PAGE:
The championship of the Little League World Series will be decided Sunday, with United States champion Lewisberry, Pennsylvania, squaring off against international champion Tokyo, Japan, at 3 p.m. on ABC.
The consolation final pits Pearland against Mexicali at 10 a.m. ET Sunday on ESPN.
The first LLWS was contested in 1947 between two Pennsylvania teams, with the hosts from Williamsport defeating Lock Haven in the championship game 16-7. In the 68 years since, the tournament has stayed in the Williamsport area, but it has grown into a global event with thousands of leagues involved in qualifying.
Earlier this week, ESPN.com profiled the 13 active major leaguers who competed in the LLWS.
To celebrate the 2015 Little League World Series, ESPN.com presents 15 things to know about the event's history:
• Only two players have appeared in the LLWS, College World Series and major league World Series: Ed Vosberg (Tucson, Arizona, 1973; University of Arizona, 1980; Florida Marlins, 1997) and Jason Varitek (Altamonte Springs, Florida, 1984; Georgia Tech, 1994; Boston Red Sox, 2004 and 2007).
• Future major league player and manager Lloyd McClendon went 5-for-5 with five home runs and five intentional walks in helping Gary, Indiana, reach the 1971 LLWS title game. Earlier this season, McClendon and Kevin Cash became the first two LLWS alums to face each other as MLB managers. McClendon's Seattle Mariners beat Cash's Tampa Bay Rays 4-1.
• Long Beach, California, became the first American back-to-back champion in 1993. The previous year's title was awarded to Long Beach after its championship loss to Zamboanga City, Philippines, was overturned when the Far East champion was ruled to have used ineligible players.
• Sean Burroughs, who became the No. 9 overall pick in the 1998 MLB draft by the San Diego Padres, threw back-to-back LLWS no-hitters for Long Beach in 1993. One of the team's coaches was his father, Jeff, who won the 1974 AL MVP award with the Texas Rangers.
• Four future NFL quarterbacks from the state of California played in the LLWS: Matt Cassel (Northridge, 1994), Gale Gilbert (Red Bluff, 1974), Turk Schonert (Garden Grove, 1968) and Brian Sipe (El Cajon, 1961). Sipe, the 1980 NFL MVP with the Cleveland Browns, was the only one to win the LLWS championship.
• Future major leaguers Gary Sheffield and Derek Bell played for the Tampa, Florida, team that reached the LLWS final in 1980. Bell also competed on the Tampa team that returned to the championship game the following year.
• The first LLWS alum to reach the major leagues was Joey Jay, a pitcher from Middletown, Connecticut, who debuted with the Milwaukee Braves on July 21, 1953, and went on to play 13 MLB seasons.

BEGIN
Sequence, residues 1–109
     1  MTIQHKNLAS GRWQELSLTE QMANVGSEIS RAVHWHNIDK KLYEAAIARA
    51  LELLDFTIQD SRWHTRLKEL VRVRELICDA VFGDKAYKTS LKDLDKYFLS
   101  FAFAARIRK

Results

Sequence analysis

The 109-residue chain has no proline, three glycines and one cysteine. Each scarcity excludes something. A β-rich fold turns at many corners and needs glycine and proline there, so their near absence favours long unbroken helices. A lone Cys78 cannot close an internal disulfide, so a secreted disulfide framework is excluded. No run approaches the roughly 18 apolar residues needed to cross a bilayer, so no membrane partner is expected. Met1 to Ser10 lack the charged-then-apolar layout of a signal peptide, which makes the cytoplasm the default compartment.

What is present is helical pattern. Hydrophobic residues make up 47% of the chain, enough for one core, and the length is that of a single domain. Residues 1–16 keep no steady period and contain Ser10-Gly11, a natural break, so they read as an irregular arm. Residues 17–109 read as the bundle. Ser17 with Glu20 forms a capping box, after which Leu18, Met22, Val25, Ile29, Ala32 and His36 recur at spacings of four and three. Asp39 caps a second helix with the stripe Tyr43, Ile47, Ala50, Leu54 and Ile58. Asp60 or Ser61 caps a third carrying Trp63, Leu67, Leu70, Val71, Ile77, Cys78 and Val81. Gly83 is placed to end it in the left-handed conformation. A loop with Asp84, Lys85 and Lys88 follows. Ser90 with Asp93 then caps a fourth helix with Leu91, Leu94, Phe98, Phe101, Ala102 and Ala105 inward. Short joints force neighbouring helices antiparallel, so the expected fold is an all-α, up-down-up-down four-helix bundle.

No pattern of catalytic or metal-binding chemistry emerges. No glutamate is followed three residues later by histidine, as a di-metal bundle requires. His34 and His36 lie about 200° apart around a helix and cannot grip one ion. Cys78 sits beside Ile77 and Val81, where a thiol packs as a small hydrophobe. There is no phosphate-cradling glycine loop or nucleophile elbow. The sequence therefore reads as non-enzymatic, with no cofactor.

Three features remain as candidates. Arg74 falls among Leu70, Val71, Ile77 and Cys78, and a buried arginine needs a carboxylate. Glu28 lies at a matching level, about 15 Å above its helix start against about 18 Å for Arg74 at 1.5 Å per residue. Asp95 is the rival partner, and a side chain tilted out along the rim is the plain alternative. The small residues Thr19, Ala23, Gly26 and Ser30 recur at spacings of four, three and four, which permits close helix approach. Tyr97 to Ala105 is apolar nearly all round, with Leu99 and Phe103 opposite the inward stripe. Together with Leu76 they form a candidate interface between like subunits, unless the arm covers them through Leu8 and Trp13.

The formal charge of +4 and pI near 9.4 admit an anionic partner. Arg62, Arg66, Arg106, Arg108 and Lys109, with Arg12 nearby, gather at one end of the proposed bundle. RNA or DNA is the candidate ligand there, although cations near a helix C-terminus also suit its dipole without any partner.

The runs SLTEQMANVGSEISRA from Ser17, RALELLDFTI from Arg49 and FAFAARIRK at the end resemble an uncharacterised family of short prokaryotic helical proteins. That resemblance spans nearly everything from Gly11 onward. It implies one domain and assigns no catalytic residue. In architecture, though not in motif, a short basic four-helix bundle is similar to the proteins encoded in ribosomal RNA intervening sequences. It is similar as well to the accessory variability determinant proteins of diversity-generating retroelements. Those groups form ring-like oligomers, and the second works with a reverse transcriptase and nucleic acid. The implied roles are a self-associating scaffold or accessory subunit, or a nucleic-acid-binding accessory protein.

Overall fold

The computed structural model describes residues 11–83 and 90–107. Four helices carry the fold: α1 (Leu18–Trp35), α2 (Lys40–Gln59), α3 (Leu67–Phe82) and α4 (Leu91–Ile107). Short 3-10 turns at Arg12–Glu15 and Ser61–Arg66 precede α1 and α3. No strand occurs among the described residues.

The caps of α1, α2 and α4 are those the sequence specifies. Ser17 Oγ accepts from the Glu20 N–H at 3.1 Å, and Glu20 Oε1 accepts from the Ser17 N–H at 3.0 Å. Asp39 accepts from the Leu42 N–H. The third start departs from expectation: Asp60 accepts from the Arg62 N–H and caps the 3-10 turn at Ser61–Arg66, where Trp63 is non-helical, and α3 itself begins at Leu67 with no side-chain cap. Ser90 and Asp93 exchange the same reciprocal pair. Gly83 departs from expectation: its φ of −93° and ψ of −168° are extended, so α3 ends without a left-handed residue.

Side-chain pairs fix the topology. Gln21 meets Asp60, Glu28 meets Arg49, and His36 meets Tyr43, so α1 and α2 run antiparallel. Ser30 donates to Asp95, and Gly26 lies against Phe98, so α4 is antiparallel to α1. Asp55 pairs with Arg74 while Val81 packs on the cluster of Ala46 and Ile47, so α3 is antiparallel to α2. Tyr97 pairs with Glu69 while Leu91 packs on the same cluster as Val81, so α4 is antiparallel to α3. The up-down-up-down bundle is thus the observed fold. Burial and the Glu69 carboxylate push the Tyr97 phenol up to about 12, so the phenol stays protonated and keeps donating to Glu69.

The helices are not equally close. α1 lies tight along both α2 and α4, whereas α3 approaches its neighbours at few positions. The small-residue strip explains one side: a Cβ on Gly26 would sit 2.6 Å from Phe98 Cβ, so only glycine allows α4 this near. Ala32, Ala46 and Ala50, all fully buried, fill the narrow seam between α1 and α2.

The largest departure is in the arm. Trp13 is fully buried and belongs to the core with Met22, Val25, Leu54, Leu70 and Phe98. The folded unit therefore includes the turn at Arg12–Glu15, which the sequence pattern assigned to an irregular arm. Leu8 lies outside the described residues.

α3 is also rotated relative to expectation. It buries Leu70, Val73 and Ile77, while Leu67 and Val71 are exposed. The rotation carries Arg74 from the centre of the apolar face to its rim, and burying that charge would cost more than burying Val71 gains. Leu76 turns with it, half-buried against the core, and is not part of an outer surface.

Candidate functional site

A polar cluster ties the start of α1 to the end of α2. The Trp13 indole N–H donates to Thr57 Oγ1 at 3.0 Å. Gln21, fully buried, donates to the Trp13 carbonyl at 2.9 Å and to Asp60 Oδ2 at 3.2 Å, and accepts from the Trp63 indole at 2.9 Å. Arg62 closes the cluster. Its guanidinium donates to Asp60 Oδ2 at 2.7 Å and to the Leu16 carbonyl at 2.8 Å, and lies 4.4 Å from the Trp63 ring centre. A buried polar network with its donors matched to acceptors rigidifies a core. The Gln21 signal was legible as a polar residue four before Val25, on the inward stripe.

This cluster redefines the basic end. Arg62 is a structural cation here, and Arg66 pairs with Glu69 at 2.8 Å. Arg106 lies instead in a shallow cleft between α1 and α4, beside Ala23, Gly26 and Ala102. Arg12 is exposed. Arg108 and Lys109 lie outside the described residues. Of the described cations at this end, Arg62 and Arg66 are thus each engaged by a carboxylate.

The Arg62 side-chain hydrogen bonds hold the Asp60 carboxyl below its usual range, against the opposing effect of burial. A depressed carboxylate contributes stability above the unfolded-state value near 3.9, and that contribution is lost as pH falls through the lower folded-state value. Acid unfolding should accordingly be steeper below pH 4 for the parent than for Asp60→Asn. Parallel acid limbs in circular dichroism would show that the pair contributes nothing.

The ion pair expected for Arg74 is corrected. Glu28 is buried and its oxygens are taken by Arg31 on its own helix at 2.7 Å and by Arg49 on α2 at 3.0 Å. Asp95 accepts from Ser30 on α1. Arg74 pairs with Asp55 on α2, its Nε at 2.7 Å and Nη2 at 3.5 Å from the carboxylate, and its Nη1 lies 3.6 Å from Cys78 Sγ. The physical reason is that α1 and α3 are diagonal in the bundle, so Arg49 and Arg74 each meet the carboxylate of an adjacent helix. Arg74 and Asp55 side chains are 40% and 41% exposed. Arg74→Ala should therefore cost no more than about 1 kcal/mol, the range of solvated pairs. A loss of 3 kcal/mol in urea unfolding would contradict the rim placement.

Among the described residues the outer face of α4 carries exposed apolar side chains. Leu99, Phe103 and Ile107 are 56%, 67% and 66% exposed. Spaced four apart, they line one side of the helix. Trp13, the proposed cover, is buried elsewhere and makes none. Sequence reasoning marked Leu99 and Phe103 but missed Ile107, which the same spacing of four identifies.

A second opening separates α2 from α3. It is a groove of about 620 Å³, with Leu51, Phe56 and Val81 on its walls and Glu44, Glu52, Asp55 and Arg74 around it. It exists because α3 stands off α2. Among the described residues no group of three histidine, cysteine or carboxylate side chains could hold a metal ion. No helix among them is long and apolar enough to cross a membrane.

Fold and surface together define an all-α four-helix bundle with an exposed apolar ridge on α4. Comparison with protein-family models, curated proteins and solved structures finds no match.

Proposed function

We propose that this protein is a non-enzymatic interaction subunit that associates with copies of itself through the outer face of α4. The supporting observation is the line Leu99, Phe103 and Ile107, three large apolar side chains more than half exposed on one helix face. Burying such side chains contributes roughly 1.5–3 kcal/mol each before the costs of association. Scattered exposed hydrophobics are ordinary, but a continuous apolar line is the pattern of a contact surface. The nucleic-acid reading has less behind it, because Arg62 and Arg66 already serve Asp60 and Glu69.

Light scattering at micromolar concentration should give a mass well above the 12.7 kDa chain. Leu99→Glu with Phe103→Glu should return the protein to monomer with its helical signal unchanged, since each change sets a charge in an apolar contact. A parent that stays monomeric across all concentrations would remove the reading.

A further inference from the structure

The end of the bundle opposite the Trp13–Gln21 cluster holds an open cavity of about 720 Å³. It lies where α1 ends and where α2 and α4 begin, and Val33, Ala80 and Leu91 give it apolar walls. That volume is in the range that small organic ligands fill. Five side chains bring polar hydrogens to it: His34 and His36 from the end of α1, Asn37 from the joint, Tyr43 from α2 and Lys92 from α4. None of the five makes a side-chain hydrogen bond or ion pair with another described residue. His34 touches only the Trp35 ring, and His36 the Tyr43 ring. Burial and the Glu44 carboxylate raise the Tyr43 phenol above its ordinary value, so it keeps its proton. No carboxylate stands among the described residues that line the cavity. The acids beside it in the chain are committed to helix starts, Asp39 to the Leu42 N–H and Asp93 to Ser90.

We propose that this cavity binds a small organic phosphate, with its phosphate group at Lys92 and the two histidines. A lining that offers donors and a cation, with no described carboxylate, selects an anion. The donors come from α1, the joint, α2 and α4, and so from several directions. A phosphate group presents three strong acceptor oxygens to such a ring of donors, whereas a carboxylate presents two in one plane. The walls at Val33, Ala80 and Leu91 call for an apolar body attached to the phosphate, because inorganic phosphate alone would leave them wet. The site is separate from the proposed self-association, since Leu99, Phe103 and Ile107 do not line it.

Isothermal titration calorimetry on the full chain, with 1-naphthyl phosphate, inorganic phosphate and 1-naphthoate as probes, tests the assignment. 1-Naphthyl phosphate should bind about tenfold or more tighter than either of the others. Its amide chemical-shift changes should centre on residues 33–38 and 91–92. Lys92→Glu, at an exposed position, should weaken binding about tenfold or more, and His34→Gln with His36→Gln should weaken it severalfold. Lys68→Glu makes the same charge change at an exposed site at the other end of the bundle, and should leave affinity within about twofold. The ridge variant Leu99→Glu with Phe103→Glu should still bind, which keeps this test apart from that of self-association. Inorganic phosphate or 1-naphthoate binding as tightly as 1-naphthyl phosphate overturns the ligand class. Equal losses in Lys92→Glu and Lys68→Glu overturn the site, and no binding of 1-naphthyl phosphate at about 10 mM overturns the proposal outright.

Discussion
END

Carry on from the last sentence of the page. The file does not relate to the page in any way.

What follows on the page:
• The LLWS was first televised on ABC's "Wide World of Sports" in 1963.
• The first LLWS champion from outside the United States was a team from Monterrey, Mexico, in 1957. Monterrey became the event's first repeat champion the following year.
• The LLWS final has been contested without a team from the U.S. only once. In 1985, a team from Mexicali, which borders Calexico, California, competed in the American tournament and advanced all the way to the championship, ultimately losing to Seoul, South Korea.
• Chris Drury, who pitched Trumbull, Connecticut, to the 1989 LLWS championship, went on to win the 1998 Hobey Baker Award as the nation's top college hockey player and won the 2001 Stanley Cup with the Colorado Avalanche.
• Pierre Turgeon, the No. 1 overall pick in the 1987 NHL draft by the Buffalo Sabres, represented Rouyn-Noranda, Quebec, in the 1982 LLWS. One of his teammates was another future NHL player, Stephane Matteau.
• Billy Hunter, the former executive director of the NBA players' union who played two seasons in the NFL, played for Merchantville, New Jersey, in the 1955 LLWS.
• Since 1959, the final game of every LLWS has been played at Howard J. Lamade Stadium. The venue is named after a former Little League executive and son of Dietrick Lamade, the onetime publisher of Grit, a national weekly newspaper geared toward rural residents. The stadium sits on land donated by the Lamade family. Little League Volunteer Stadium opened in 2001 to help accommodate the tournament's expansion from eight to 16 teams.